When most Americans think of the rights and principles that our country was founded on, we refer to the ideals of freedom, prosperity, and the pursuit of happiness written in the Declaration of Independence. However, have our political institutions evolved from this 18th century premise? When we look around the world, especially at European countries post WWII, they built political institutions with a modern social democracy of human rights, such as the 1978 Alma Ata Declaration that declared a right to health. Every country was signatory except the U.S. and Somalia. Or, the UN 1994 Universal Declaration of Rights, which protects health, education, food security, etc.. A FoxNews Contributor recently said this document did not afford health as a human right, which is wrong. In 2020, the debate on healthcare reform has centered on costs and who should have access, but not a fundamental question of why our democracy has not evolved into a modern social contract to protect the health and wellbeing of its people.

Michael Moore’s Sicko compares US healthcare to others across the world.

This May marked the 13th anniversary of Michael Moore’s documentary, Sicko, which depicts the healthcare and pharmaceutical industry in the U.S. and compares its dismal outcomes to Canada, the United Kingdom, and even some low-income countries. In it, Moore says that the U.S. is the only country in the Western World that does not believe that healthcare is a human right. Today, we are not just the only country in the Western world, but many developing nations, such as India and Trinidad and Tobago are implementing universal health coverage (UHC) plans. While the infrastructure of India’s healthcare system currently functions differently from the U.K., with government commitment to this human right, who knows where they will be in 20 years time.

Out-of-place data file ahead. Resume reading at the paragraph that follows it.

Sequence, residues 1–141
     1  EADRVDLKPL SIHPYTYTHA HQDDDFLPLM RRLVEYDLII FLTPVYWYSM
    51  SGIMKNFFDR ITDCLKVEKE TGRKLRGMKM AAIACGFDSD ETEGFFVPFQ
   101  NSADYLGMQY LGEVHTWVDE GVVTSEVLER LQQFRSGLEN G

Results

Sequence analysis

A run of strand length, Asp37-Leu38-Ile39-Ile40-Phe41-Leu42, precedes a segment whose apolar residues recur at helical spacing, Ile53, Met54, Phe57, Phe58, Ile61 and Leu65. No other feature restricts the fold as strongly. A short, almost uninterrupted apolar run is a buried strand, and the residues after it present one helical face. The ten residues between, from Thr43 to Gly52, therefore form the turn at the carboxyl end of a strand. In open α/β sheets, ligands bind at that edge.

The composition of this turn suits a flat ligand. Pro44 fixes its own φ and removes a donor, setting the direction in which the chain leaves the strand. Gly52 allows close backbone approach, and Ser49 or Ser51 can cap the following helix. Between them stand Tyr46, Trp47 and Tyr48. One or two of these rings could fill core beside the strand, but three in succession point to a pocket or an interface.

And this is really the crux of the argument, while politicians and lobbyists debate over costs and logistics, very few have publicly acknowledged that health is a human right and one that has been re-affirmed in various international treaties and declarations, such as Goal 3 of the UN 2030 Sustainable Development Goals, the 2018 Declaration of Astana, 1994 Universal Declaration of Rights, and the 1978 Almá Atá Declaration that identified universal primary healthcare to obtain Health for All. If we cannot acknowledge that health is a right then what does this say about our democracy and institutions to protect the social contract?

Ideals of Democracy

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Many of us have learned in school that as the founding nation for democracy, we pioneered modern political institutions to promote the ideals of freedom, prosperity, and the pursuit of happiness. However, in terms of civic education, our concept of democracy begins and ends in the 18th century, but other countries have evolved their democratic institutions or created new ones. In 1942, in Great Britain, a coalition government issued the Beveridge Report, which aimed to provide a comprehensive social insurance program from “cradle to grave”. This includes the country’s National Health Service (NHS) founded in 1948. This created the concept of a “social citizenship” in Great Britain, where economic and social rights are included.